Turmoil in the banking sector has eclipsed investors’ focus on macroeconomic pressures over the past weeks. The federal government’s swift move to backstop uninsured deposits and efforts to shore up failing institutions have helped lessen risk of spillover effects. However, the impacts to financial services firms, the economy, equities and venture capital, are expected to linger.
Here, Morgan Stanley Research offers perspective on the near- and long-terms effects in four key areas—and where investors should turn their attention now.
“We clearly see rising risks in the banking industry, given the closures of three banks and significant deposit outflows at others,” says Betsy Graseck, Global Head of Banks and Diversified Finance Research. However, she notes that banks have ample access to additional cash if needed, in particular from government-sponsored lenders, the Fed discount window and the new Bank Term Funding Program (BTFP).
In terms of areas investors should watch, Graseck points out that banks are likely to see their funding costs rise as they diversify their debt and aim for a longer-term mix of funding sources. For customers, that could mean tougher standards for new loans, higher loan spreads and reduced lines of credit. Banks will also see higher interest expenses as the competition for deposits increases; as well as elevated non-interest expenses as banks expand products and improve customer experience to retain accounts. In turn, banks could ask for guaranteed holding periods or impose penalties for early withdrawals for uninsured balances.
“In the long term,” says Graseck, “sustained higher funding costs and operating expenses could bring about more industry consolidation.”
2. U.S. Equities
The heightened risk of a credit crunch is real, says Mike Wilson Chief Investment Officer and Chief U.S. Equity Strategist, and investors shouldn’t expect additional liquidity to banks on loan from the Federal Reserve to show up as new money in the economy or the markets.
“None of the reserves will likely transmit to the economy, as bank deposits normally do,” says Wilson. “Instead, we believe the overall velocity of money in the banking system is likely to fall sharply and more than offset any increase in reserves, especially given the temporary nature of the Fed funds.”
In fact, Wilson says a credit crunch may convince market participants that the equity risk premium (ERP)—or the extra return an investor can expect for investing in the stock market instead of risk-free 10-year Treasuries—is far too low. That realization could bring about a real buying opportunity as forecasts realign more closely to companies’ actual earnings prospects. “Our conviction that earnings forecasts are 15% to 20% too high has increased. Given that, we believe the risk/reward in U.S. equities remains unattractive until the ERP is at least 350 to 400 basis points,” says Wilson. The S&P 500 ERP is currently 220 basis points.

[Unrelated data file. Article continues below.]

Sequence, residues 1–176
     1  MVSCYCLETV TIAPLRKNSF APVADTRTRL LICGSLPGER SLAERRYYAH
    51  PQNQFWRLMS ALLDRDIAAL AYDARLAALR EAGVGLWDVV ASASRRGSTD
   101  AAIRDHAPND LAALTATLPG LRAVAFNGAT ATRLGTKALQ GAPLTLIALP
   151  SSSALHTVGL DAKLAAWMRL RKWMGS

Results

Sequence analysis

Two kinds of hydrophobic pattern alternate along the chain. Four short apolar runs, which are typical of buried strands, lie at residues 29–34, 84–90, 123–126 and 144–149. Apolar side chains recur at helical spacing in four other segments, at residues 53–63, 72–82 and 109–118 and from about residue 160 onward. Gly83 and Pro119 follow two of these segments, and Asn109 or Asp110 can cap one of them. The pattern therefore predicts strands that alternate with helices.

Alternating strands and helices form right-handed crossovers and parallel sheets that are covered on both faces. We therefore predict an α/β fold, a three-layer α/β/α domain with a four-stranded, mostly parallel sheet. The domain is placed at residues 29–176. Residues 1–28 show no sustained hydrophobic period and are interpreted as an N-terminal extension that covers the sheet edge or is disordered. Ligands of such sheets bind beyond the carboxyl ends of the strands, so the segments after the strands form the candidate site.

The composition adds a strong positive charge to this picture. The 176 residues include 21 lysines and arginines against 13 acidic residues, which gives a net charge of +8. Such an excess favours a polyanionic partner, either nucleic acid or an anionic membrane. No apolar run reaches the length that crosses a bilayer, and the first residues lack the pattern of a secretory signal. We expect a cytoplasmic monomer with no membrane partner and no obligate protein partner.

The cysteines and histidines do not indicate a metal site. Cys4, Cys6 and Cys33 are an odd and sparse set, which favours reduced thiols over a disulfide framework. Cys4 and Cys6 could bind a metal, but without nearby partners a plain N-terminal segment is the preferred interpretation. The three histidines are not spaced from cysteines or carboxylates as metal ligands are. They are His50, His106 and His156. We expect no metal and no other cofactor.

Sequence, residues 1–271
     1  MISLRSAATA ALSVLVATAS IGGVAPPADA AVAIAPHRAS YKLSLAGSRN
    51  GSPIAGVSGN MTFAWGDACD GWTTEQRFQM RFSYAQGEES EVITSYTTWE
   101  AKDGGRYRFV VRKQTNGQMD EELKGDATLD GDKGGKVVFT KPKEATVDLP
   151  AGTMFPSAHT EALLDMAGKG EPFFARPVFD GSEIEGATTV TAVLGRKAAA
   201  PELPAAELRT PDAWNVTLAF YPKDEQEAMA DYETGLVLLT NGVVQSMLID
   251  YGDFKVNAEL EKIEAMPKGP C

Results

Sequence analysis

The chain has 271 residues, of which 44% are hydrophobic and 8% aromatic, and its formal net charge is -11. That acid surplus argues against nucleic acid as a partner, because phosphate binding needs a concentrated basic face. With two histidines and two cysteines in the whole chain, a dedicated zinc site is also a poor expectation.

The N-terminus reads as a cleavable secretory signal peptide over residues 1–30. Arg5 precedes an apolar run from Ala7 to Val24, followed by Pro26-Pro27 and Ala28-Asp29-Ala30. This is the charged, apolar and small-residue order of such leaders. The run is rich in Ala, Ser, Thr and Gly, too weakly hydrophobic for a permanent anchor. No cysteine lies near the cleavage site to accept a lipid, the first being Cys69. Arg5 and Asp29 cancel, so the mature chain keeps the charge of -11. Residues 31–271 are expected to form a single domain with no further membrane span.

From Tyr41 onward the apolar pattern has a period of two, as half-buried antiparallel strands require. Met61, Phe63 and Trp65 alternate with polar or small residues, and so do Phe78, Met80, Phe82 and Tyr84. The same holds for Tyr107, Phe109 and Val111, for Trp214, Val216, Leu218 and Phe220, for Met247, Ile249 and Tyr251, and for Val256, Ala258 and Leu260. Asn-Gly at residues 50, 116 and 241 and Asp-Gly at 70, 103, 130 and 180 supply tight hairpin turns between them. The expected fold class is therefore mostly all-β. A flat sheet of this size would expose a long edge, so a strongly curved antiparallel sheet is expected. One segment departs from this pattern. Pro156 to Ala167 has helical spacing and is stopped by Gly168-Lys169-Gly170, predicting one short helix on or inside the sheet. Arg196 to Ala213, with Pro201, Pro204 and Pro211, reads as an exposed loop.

3. The U.S. Economy
Banks were already reining in lending standards in response to rising interest rates, and further increases to funding costs would likely slow economic growth and hiring, says Chief U.S. Economist Ellen Zentner. “Substantial tightening in credit conditions raises the risk that a soft landing will turn into a harder one.”
Why? Tougher lending standards dent job creation, and smaller firms, which have been a key driver of labor market resilience in recent months, are especially sensitive to these dynamics. A quick drop-off in jobs gains could result. “Concerns are most acute around smaller banks, who will likely face more difficulty raising funds, and for the small businesses that rely on them,” Zentner says.
Weekly lending and labor market data would be first to reflect signs of stress, but the readouts could take several weeks at least to fully reflect the pain. “Meanwhile, we still expect the Fed to follow through on a 25 basis point hike in response to persistent inflation and a very strong labor market. “That said, the Fed has little incentive to surprise markets in this volatile environment, and we think it will stand ready to adjust the rates and balance sheet paths should conditions warrant.”
4. Startup Funding
With Silicon Valley the epicenter of recent banking challenges, the effects on venture capital activity and startup funding are in sharp focus. For now, government deposit guarantees have abated some concerns, namely that firms have access to their money to stay in business.
But startups traditionally burn through a lot of cash. At present, startups valued at $1 billion or more need around $300 billion by year end just to exist, says Ed Stanley, Head of Thematic Research in Europe. Even with aggressive intervention to support these banking clients, he says, “a high proportion of start-ups could fold during the second half of the year, given the simple math on cash-burn rates.”
As new lines of credit and syndicated debt become harder to get, startups are returning to simpler equity raises, and with a greater sense of urgency. And while development and widespread adoption of new technologies may slow for a spell, the long-term trend of technology diffusion remains strong. “In the long term,” says Stanley, “venture markets are essential components for innovation, the diffusion of technology and creating megacap public equities,” says Stanley. “Strong private companies will continue to be funded, as they have in every prior downturn.” Software-as-a-service companies, supply chain automation and fintech firms, he notes, are best positioned to weather a tight funding environment.